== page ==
Life is no fairy tale
The truth is that life is no fairy tale. And we do our kids a huge disservice when we bring them up to believe in the moral of these stories, writes Seema Goswami.sex and relationships Updated: Mar 16, 2009 18:07 IST
My little niece recently had a difference of opinion with her mother as to what she should wear to a birthday party. There was a clash of two strong wills and as is usual in such cases, the mother emerged triumphant. The daughter, however, was not going to retire hurt without landing a glancing blow of her own.
Defeated but undaunted, she drew on all the dignity of her three-year-old self and announced with quiet satisfaction: “I know why you are so bad to me. You are not my mummy, you are my stepmother.”
Her mother, who had endured a hard labour of many hours to bring her safely into this world, was crushed. She kept a brave face on in front of her daughter – it never pays to show any weakness to the little mites – but shed bitter tears back in the privacy of her room.
When she related the incident to me a few days later, still looking stricken, I’m afraid I reacted most inappropriately: I burst into loud laughter. In my defence, I really did think this was hilarious, the kind of devastating put-down that only a three-year-old could come up with.
Once I had my giggles under control, I asked: “But how does she even know what a step-mother is? And that she is supposed to be bad to her step-kids?”
Well, it seems the misguided mother had been reading the story of Cinderella to her for the past few months. And even though she didn’t quite understand what the word “step” implied, she knew that stepmothers were supposed to be evil old crones who mistreated their stepdaughters, making them slave in the house while their own daughters swanned around having the best time ever.
So, if her mother was treating her badly, making her unhappy, then it stood to reason that she must be a stepmother as well.
Once my amusement had subsided, however, I got to thinking about the stereotypes we expose our children to in their formative years, the subliminal messages we send out to them through all those fairy tales and children’s books, and the damage we inadvertently inflict (which often survives well into their adulthood).
The evil stepmother stereotype is the most obvious one. Go through all the kiddie books in the neighbourhood library or book store and try and find a stepmom who is not an evil old bat, torturing her stepchildren and taking a perverse delight in their misfortunes. Hardly any storybook admits the possibility of a loving, decent woman taking on the responsibilities of her husband’s kids and bringing them up with the same nurturing warmth that their birth mother would.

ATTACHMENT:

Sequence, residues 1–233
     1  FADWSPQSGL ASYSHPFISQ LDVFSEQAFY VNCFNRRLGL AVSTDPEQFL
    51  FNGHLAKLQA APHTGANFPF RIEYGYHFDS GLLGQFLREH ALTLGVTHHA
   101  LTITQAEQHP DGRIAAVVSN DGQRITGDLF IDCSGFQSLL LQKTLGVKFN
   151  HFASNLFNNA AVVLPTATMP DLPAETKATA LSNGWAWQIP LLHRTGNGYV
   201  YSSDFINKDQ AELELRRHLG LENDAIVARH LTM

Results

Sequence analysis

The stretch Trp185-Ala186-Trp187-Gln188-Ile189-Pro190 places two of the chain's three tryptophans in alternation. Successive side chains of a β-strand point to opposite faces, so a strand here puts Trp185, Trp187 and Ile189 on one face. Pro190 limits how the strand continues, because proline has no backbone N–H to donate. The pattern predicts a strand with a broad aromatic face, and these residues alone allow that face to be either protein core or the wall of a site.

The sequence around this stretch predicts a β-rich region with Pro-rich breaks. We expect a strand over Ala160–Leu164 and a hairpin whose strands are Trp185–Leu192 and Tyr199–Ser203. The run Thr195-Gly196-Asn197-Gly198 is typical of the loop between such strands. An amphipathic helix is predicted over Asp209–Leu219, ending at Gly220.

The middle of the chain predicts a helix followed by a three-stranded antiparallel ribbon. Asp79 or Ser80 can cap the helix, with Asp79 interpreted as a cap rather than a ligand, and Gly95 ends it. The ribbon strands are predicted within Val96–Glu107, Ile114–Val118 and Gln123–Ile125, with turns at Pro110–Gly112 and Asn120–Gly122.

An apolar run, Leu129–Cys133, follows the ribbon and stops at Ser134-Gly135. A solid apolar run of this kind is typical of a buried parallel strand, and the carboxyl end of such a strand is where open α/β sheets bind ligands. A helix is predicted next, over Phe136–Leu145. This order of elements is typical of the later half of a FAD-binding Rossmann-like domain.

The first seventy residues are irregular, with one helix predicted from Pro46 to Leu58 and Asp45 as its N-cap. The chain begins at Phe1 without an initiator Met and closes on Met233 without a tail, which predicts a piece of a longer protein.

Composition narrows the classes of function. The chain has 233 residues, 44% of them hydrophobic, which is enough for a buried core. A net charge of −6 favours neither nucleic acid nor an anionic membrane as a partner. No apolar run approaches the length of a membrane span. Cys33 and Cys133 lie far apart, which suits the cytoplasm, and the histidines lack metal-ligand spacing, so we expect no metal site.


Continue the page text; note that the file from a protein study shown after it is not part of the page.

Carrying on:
It is hard enough to bring up someone else’s children. But imagine how impossible this task becomes when these children have been raised on stories of evil stepmothers and their dark doings. Surely, when these kids regard the stepmom with suspicion and hostility, treating her like an intruder in the family circle, rebuffing her affectionate advances, it must take the patience of a saint to go on loving them regardless.
So, the stereotypes come to be self-perpetuating. Children are programmed to think of stepmothers as evil (stepfathers don’t get the same bad rap, for some strange reason) and in time every stepmother who is stuck with this image ends up conforming to it.
But frankly, when it comes to the stereotypes we impose on our kids, the evil stepmom is the least of it. Far more damaging to the psyche of countless generations of young girls is the concept of a Prince Charming, who will come and sweep them off their feet, rescuing them from a life of drudgery and degradation.
The implication is clear: even to five and six year olds. Girls are weak, vapid creatures who can’t stand up for themselves. The only weapons at their disposal are their beauty and charm. The best hope they have in life is to attract the attention of a rich, powerful young man who will ride to their aid and whisk them away to a beautiful palace where they will live happily ever after.
Is it any wonder then that women grow up obsessed with the idea – and the ideal – of romantic love? That they invest so much of themselves in finding their own Prince Charming who will kiss them and awaken them to a bright new world of possibilities. That they see themselves as fragile little things in urgent need of rescuing. Or even, that they believe with all their might in happy endings.
But the truth is that life is no fairy tale. And we do our kids a huge disservice when we bring them up to believe in the moral of these stories.
Yes, sometimes step-moms can be cruel and unloving. And yes, sometimes you do get to walk into the sunset with your own Prince Charming.
But equally, sometimes you end up kissing dozens of frogs without a single one of them turning into a Prince. And sometimes, stepmothers can be affectionate and loving rather than two-dimensional monsters.
See, that’s the thing about fairy tales: they’re just figments of someone else’s imagination. When it comes to real life, you get to write your own script.